House Majority Whip Steve Scalise, who was at “imminent risk of death” when he was rushed to the hospital with a gunshot wound 15 weeks ago, made a dramatic return to the U.S. Capitol on Thursday.
Scalise entered the House chamber on crutches to a roar of bipartisan applause, then embraced several colleagues and delivered his first floor remarks since the June 14 shooting in Alexandria.
“You have no idea how this feels, to be back at work in the people’s House,” the Louisiana Republican said.
He added: “I’m definitely a living example that miracles really do happen.”
Though he walked slowly across the floor, Scalise showed little sign of physical weakness, delivering more than 15 minutes of remarks — thanking God, family, friends, colleagues, doctors and the law enforcement officers who ultimately killed the shooter, 66-year-old James T. Hodgkinson, before he could harm more of the Republicans who had gathered for a morning baseball practice.
Scalise singled out the two Capitol Police officers on his security detail, David Bailey and Crystal Griner, who were at the scene and fired the first shots that were credited with preventing Hodgkinson from wounding or killing more people.
Bailey sat in the House gallery near Scalise’s wife, Jennifer, during the remarks.
“You are my hero,” Scalise told Bailey. “You saved my life.”
The House floor was packed with lawmakers for Scalise’s return — not only House members, but also several senators, including Sen. Jeff Flake (R-Ariz.), who was present at the baseball practice and was among the first people to reach Scalise after he was shot.
Scalise took his usual place on the Republican side of the House chamber, sitting next to Majority Leader Kevin McCarthy (R-Calif.) and Chief Deputy Whip Patrick T. McHenry (R-N.C.).
But sitting immediately behind him was his closest Democratic friend, Rep. Cedric L. Richmond, a fellow Louisianian who Scalise said was among the first to arrive at the scene of the shooting and then to visit him in the hospital.
“It really does show the warm side of Congress that very few people get to see,” Scalise said.
After speaking on the floor, Scalise cast his first vote since June — in favor of a bill that would reauthorize the Federal Aviation Administration and extend tax benefits to hurricane victims.
His office said that, starting Thursday, Scalise “will be resuming his work at the Capitol, while also completing an extended period of outpatient rehabilitation over the coming months.”
House Speaker Paul D. Ryan (R-Wis.) introduced Scalise on the House floor, asking whether the “gentleman from Louisiana” wished to be recognized.
“Our prayers have been answered,” Ryan said. “America is grateful for this moment.”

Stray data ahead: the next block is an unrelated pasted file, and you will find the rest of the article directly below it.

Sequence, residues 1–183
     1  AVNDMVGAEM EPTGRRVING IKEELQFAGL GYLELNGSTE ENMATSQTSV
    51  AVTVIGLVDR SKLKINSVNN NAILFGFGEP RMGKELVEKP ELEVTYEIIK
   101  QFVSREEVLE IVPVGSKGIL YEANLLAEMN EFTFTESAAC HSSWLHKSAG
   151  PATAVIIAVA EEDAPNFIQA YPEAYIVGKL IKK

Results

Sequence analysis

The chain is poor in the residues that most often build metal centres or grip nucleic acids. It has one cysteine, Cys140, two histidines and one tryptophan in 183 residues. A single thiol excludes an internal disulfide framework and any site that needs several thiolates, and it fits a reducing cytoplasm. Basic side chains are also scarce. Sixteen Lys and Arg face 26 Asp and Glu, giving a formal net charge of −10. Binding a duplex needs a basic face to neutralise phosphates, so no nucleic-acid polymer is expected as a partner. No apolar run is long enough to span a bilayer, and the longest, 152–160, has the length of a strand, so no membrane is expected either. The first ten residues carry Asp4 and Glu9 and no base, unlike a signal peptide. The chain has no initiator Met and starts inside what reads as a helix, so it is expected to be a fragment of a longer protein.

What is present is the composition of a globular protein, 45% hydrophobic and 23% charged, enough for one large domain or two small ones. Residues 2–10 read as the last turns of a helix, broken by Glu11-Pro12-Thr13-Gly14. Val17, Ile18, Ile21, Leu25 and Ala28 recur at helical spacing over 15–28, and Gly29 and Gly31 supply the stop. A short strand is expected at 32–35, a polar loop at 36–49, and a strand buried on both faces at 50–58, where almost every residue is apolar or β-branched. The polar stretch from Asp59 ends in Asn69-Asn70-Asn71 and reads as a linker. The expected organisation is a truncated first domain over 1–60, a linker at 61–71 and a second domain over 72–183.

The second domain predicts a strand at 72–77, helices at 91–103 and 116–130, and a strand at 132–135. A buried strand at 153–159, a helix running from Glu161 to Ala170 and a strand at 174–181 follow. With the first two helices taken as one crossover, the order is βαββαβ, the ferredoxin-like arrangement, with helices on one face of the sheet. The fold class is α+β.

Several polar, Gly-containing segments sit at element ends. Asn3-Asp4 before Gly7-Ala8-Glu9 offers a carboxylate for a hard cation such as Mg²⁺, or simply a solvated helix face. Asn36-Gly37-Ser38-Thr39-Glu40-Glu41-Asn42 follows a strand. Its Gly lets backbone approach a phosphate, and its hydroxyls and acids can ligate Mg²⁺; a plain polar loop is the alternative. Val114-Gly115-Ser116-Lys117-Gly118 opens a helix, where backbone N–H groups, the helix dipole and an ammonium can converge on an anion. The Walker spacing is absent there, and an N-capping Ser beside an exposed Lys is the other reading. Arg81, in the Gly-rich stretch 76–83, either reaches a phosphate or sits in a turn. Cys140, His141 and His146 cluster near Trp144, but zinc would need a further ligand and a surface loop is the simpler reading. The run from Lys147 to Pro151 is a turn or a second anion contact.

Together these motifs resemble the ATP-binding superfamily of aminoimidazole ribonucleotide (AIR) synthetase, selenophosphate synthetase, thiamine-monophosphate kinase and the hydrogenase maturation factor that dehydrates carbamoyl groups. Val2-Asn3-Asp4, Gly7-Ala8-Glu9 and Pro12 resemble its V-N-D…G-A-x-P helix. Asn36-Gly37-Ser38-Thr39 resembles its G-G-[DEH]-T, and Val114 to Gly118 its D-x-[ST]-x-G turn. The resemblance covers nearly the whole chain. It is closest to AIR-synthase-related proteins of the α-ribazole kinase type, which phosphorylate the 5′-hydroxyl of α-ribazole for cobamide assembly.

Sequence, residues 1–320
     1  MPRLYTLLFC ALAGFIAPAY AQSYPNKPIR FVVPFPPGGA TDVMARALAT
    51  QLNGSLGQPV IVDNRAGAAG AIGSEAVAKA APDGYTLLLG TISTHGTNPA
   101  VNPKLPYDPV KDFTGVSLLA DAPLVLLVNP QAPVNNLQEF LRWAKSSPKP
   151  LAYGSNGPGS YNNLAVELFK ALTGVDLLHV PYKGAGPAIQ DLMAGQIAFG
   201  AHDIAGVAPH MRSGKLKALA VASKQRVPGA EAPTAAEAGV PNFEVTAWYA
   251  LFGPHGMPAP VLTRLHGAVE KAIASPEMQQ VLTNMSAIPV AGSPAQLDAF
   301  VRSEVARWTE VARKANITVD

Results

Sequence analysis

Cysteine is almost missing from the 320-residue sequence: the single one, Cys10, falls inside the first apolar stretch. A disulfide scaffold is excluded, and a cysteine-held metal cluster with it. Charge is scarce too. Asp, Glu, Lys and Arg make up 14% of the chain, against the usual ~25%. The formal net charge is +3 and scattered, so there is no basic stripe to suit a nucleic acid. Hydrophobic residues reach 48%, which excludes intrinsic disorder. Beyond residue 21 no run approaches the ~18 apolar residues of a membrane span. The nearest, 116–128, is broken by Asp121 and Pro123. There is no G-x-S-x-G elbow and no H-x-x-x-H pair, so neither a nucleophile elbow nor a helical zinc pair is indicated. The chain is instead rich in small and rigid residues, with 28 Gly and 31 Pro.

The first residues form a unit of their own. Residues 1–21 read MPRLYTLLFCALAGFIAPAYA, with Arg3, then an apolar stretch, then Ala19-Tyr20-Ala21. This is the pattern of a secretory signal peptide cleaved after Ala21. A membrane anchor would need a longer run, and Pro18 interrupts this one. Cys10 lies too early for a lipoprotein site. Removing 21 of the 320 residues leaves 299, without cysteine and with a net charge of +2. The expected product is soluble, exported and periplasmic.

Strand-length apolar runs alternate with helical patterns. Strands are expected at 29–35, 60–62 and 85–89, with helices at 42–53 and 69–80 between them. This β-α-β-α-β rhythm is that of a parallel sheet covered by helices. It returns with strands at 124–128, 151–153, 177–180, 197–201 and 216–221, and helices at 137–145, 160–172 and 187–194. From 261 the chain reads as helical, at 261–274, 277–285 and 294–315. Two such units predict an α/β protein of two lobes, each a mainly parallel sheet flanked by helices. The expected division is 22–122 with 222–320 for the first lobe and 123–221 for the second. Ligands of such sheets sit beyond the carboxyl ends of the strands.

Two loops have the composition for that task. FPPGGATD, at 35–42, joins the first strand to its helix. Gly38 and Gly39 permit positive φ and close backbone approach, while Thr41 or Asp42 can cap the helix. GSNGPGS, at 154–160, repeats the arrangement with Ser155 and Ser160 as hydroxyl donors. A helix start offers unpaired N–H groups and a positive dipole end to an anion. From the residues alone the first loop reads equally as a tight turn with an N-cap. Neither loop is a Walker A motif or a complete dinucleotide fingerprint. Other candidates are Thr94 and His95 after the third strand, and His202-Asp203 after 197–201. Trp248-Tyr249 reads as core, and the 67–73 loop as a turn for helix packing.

The return of Scalise, a jovial backslapper who counts close friends in both parties, was a moment of relief and celebration for lawmakers who have worked under a cloud since the shooting.
“He’s been wanting to come back forever,” said Rep. Diane Black (R-Tenn.), who joined a crowd waiting in the Capitol’s National Statuary Hall for Scalise to make his way to the chamber. “You can’t keep a good man down.”
Scalise thanked his colleagues for the “outpouring of love” from both sides of the aisle, and he said he did not dwell on the shooter or the reasons that he opened fire.
“To me, all I remember are the thousands of acts of kindness and love and warmth that come out of this,” he said.
Scalise also gave his first media interview since the shooting, telling CBS’s “60 Minutes” that the bullet did serious damage when it struck him in the hip at a ballpark in Alexandria.
“My femur was shattered,” he told “60 Minutes” correspondent Norah O’Donnell, according to excerpts of the interview released Thursday by CBS News. “The hip and pelvis had serious damage where the bullet went through and, you know, did some damage to areas that had to be shored up with steel plates. And then they did a phenomenal job of rebuilding — you know, kind of the, rebuilding Humpty Dumpty. I mean, there were, there was a lot of damage inside that had to get fixed.”
“They put you back together again,” O’Donnell said.
“They put me back together again,” Scalise confirmed.
Hodgkinson opened fire during the GOP’s early-morning practice for the annual Congressional Baseball Game, shooting four people. Hodgkinson was pronounced dead at a hospital after a gun battle with police.
Scalise suffered a single bullet wound to the hip, and as The Washington Post’s Dana Hedgpeth reported, doctors said the congressman was at “imminent risk of death” when he was first admitted to the hospital.
Wounds to the pelvic region are extremely dangerous, The Post’s Lenny Bernstein reported, because that region of the body is crowded with organs and blood vessels. Among them: the iliac blood vessels that include major arteries branching off from the aorta — the main route that carries blood to the body.
About 30 to 50 percent of injuries to the main iliac vessels result in death, Joseph V. Sakran, director of emergency general surgery at Johns Hopkins Hospital, told The Post.
MedStar Washington Hospital Center said in a statement at the time that the bullet shot into Scalise’s hip “traveled across his pelvis, fracturing bones, injuring internal organs, and causing severe bleeding.”
Scalise underwent several surgeries to repair his injuries, and his condition steadily improved under cautious care.
Nine days after the shooting, he was released from intensive care and upgraded to fair condition. But he was readmitted to the intensive care unit on July 5 because of concerns about infection, and Scalise subsequently had another operation.
He was finally discharged in late July to begin what doctors called “intensive inpatient rehabilitation.”
On the House floor Thursday, Scalise praised his medical team, saying: “They gave me a second chance at life.”
Kelsey Snell contributed to this report.